An Opportunity for Bio-Pharma Manufacturers
Updated: Dec 26, 2019
Commercial employers are the ultimate payer for the majority the health care in the United States. These employers pay 52% of the aggregate US healthcare bill which translates to about 20% of the worldwide healthcare spend. Historically, employers have considered oncology care untouchable due to the severity and comparatively low prevalence of the various cancers. Medicare is considered to be the major payer for cancer care. This is due to the time of life where individuals are most likely to be diagnosed, and it can also be caused by the fact that the employers’ buying power is fragmented across millions of organizations and dozens of health plans.
This status quo is likely change very soon.
Employers and Health Plans are recognizing the financial toxicity of newer oncology treatments.[i] And they are concerned about the actual benefit of these care protocols.[ii] Reports even suggest that “dozens of new cancer treatments” do not positively impact patients’ outcomes.[iii] A recent Gallagher survey clearly indicates that employers are concerned and are starting to consider various strategies to impact change.[iv]
Bio-Pharma Manufacturers should see this as an opportunity.
Employers are not happy with several cancer care areas. The price of the medication is the lead topic, but there are other concerns:
· When the treating oncologists do not use the most effective agent first, the employer absorbs additional costs for alternative care, potentially avoidable exacerbations, and often worse care outcomes.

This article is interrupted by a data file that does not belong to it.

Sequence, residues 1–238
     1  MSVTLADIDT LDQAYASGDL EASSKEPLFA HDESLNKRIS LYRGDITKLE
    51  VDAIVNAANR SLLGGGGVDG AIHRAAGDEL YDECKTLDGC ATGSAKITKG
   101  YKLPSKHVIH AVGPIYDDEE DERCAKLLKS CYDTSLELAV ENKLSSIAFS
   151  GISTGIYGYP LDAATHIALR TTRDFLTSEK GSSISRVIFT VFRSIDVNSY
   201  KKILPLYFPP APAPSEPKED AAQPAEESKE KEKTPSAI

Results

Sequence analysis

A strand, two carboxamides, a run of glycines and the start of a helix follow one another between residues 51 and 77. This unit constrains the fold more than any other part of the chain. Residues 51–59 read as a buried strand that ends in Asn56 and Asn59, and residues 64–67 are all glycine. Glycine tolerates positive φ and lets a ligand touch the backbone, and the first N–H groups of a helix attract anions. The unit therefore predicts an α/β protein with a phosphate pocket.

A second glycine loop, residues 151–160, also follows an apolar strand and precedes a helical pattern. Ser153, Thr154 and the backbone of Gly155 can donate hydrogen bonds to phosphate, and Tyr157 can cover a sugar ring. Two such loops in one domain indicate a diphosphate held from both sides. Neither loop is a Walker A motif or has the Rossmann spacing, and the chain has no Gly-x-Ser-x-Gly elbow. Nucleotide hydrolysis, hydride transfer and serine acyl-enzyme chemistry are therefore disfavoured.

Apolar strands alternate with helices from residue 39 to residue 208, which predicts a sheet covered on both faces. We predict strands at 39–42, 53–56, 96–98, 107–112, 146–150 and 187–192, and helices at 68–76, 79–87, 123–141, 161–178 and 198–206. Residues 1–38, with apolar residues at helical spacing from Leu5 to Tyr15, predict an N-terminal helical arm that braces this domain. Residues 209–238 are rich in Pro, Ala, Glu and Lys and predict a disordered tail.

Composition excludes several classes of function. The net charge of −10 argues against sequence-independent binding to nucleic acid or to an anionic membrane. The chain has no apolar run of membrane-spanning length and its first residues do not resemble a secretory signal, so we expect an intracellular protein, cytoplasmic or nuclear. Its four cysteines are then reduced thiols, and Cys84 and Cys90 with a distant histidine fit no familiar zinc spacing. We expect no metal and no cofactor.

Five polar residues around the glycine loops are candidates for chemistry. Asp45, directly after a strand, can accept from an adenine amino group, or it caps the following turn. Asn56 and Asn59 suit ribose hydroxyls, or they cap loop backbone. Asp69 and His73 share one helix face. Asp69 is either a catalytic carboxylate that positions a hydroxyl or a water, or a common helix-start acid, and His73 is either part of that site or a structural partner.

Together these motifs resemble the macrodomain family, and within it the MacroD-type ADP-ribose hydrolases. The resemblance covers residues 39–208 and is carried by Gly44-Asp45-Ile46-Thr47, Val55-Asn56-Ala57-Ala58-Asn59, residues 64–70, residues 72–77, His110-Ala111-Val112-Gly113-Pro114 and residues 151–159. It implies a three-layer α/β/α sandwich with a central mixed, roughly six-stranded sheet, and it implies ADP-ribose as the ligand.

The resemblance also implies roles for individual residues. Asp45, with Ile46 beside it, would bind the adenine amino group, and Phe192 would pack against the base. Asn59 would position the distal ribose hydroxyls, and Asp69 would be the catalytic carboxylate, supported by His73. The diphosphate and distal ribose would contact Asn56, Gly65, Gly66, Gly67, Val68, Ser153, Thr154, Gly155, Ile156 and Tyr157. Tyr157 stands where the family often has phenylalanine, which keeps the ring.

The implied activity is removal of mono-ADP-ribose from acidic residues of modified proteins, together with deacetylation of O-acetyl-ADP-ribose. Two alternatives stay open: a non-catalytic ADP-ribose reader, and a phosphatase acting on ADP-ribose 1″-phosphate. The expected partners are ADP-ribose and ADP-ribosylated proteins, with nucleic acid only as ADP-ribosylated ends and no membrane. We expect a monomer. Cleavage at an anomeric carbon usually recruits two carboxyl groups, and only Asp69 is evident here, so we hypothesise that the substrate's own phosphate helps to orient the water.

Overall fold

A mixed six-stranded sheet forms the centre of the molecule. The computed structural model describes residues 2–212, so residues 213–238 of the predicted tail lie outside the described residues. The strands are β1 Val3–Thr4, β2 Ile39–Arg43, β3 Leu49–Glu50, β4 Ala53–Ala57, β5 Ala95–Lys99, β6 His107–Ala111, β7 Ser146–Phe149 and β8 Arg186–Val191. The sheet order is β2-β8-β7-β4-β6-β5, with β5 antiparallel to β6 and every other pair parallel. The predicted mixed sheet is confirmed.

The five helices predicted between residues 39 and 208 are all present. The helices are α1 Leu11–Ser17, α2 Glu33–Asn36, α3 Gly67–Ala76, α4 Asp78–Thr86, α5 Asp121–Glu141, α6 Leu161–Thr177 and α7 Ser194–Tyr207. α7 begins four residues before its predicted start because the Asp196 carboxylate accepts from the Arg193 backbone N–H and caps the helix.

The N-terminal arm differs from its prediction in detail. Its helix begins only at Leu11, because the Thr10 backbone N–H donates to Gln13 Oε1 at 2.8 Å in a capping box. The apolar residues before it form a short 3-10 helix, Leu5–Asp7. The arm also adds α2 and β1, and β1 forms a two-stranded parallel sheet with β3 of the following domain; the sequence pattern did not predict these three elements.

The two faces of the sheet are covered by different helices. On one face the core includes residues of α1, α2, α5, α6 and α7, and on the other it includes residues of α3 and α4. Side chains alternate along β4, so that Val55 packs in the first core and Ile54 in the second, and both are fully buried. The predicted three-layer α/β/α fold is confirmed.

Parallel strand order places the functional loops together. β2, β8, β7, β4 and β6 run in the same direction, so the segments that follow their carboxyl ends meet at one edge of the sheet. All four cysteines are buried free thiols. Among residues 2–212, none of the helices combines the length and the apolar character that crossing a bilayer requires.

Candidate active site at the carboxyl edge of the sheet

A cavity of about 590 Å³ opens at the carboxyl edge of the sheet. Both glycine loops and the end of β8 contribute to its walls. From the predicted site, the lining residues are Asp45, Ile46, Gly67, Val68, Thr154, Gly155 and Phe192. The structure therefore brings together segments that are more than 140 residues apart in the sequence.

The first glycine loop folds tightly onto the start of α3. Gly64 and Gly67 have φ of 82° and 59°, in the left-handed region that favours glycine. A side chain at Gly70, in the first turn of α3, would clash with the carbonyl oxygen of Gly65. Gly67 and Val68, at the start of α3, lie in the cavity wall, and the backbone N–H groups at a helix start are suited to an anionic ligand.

· The treating oncologist often use expensive care and continue treatment to within a few days of the patient’s death. The oncologists avoid end-of-life counseling even when it is in the best interest to the patient.
· Historically, the distribution channel has received a variety of what are, to the employer, hidden payments. Administering rebates and other cash flows makes the cost of care less transparent and adds administrative costs that a simple and direct pricing model would resolve.
· The lack of studies that assess product safety, efficacy, and financial benefit makes it hard for employers to justify covering very expensive treatments in their benefit design.
Ultimately, the employers want to provide clinically and cost effective care to their members through their benefit design. Employers want full transparency at the time they make the benefit decision. They also want to have the oncologists make the care decisions but also share some of the financial risk associated with their care decisions.
Why should this be an opportunity for a treatment manufacturer?
Bio-Pharma Manufacturers represent 60 to 80% of the total treatment costs for oncology care. The cost of the medication is presented as the major issue. Thirty five percent of the costs for medication industry wide is for marketplace promotion. The move towards “value-based” pricing in cancer care is driven by the channel partners not the employer-payers. The employers are well aware of the lack of transparency that exists in the current rebate system and associate this with Bio-Pharma manipulation of their purchasing decision process. As a result, the Bio-Pharma manufacturer receives the full blame for the high costs associated and manipulation that results in ineffectual care. The distribution channel partners and the oncologists whose actions add to the total cost are often willing to pass the responsibility for the total cost on the manufacturer alone.
Bio-Pharma manufacturers are also rethinking their distribution channel. As more complex medications enter the market designed to serve fewer but more specific patients, the manufacturers are already reducing the number of outlets to ensure appropriate use and administration.
It is absolutely critical that ____ completes a detailed confidential survey that assesses the self-insured employers’ thoughts and identifies possible ‘value-base” approaches that translates in employer speak to the lowest possible medication price with the maximum transparency in the overall process. The survey will not only capture the data but it will seek to identify partners interested in piloting different value-based contracts. One specific group to be included in the survey would be State Employee Trusts. They represent concentrated populations in specific geographies to insure there is sufficient incidence of a condition in the pilot.